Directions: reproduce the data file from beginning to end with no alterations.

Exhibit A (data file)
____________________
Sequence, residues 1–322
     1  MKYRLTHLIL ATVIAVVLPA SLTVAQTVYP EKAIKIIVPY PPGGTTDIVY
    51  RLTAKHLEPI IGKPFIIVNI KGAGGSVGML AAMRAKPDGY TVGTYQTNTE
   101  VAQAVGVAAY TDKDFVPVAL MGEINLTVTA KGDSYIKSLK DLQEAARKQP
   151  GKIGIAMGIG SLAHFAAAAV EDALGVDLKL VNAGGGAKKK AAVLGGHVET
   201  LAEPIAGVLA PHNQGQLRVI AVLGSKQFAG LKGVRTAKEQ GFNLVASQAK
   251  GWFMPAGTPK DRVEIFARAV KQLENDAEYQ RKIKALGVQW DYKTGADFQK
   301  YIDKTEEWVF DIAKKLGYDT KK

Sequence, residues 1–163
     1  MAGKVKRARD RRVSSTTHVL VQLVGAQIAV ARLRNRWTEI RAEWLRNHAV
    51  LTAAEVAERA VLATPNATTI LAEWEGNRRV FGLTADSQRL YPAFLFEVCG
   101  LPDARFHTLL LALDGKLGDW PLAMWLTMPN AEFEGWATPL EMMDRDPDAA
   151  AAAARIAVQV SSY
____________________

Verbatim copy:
Sequence, residues 1–322
     1  MKYRLTHLIL ATVIAVVLPA SLTVAQTVYP EKAIKIIVPY PPGGTTDIVY
    51  RLTAKHLEPI IGKPFIIVNI KGAGGSVGML AAMRAKPDGY TVGTYQTNTE
   101  VAQAVGVAAY TDKDFVPVAL MGEINLTVTA KGDSYIKSLK DLQEAARKQP
   151  GKIGIAMGIG SLAHFAAAAV EDALGVDLKL VNAGGGAKKK AAVLGGHVET
   201  LAEPIAGVLA PHNQGQLRVI AVLGSKQFAG LKGVRTAKEQ GFNLVASQAK
   251  GWFMPAGTPK DRVEIFARAV KQLENDAEYQ RKIKALGVQW DYKTGADFQK
   301  YIDKTEEWVF DIAKKLGYDT KK

Sequence, residues 1–163
     1  MAGKVKRARD RRVSSTTHVL VQLVGAQIAV ARLRNRWTEI RAEWLRNHAV
    51  LTAAEVAERA VLATPNATTI LAEWEGNRRV FGLTADSQRL YPAFLFEVCG
   101  LPDARFHTLL LALDGKLGDW PLAMWLTMPN AEFEGWATPL EMMDRDPDAA
   151  AAAARIAVQV SSY